Occupational therapists work with just about every human condition you can think of. Their clientele is diverse, but are their professional teaching methods suited to a diverse population? This question is the subject of a new article from the United States.
The article reports on a survey of occupational therapy (OT) educators. They found that while most respondents knew about Universal Design for Learning (UDL), less than half could define it.
The article discusses how the respondents fared with the three tenets of UDL: multiple means of engagement, representation, and expression. They found that OT assistant education used some UDL techniques such as games, feedback and incentives. These strategies were not evident at higher education levels.
OT educators focus is on ensuring all content is delivered. That’s because the content covers such a broad spectrum and is subject to accreditation standards. However, the American Occupational Therapy Association has identified research priorities to find teaching methods that maximise learning for practitioners.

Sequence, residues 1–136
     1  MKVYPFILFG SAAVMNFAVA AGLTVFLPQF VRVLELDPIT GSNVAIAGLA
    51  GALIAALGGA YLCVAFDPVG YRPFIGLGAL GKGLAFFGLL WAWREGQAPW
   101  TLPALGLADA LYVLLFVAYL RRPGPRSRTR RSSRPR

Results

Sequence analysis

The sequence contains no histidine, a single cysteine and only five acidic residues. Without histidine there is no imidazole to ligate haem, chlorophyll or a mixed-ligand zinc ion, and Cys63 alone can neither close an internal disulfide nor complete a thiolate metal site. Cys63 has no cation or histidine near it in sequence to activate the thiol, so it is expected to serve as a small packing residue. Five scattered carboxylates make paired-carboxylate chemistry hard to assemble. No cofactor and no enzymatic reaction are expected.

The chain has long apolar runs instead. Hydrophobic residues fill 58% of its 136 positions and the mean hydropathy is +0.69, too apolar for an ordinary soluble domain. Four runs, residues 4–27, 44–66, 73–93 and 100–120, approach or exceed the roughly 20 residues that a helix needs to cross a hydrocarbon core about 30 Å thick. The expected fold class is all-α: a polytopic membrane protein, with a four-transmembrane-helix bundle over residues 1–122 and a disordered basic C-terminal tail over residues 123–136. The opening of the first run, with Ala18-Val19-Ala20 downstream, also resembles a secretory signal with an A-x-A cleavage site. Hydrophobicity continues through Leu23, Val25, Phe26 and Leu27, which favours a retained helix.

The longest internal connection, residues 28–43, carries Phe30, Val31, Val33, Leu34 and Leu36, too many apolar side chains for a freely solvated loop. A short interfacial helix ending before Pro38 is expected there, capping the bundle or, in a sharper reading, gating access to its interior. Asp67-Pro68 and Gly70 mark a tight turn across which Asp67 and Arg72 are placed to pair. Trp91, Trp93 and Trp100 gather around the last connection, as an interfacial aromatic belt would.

The authors sum up that with the recent pandemic the “need for a greater understanding and implementation of UDL tenets is more important than ever.” It will ensure today’s students become competent practitioners.
The title of the article is, Implementation of UDL in Occupational Therapy Education. It is open access.
Abstract: This exploratory research surveyed educators’ use of universal design for learning (UDL) in occupational therapy education. Most common methods of engagement were displaying enthusiasm, providing examples, and offering learner feedback; representation was primarily offered through class discussion, lab experiences, and images; methods of action or expression were most frequently class discussion, projects, practicums and tests. The type of program, years of educators’ clinical experience and faculty rank influenced some factors of UDL implementation. Further use of UDL principles that could facilitate improved learning outcomes of diverse learners within occupational therapy education is discussed.
A short article by Bethan Collins looks at both sides of UDL – for OTs and for clients.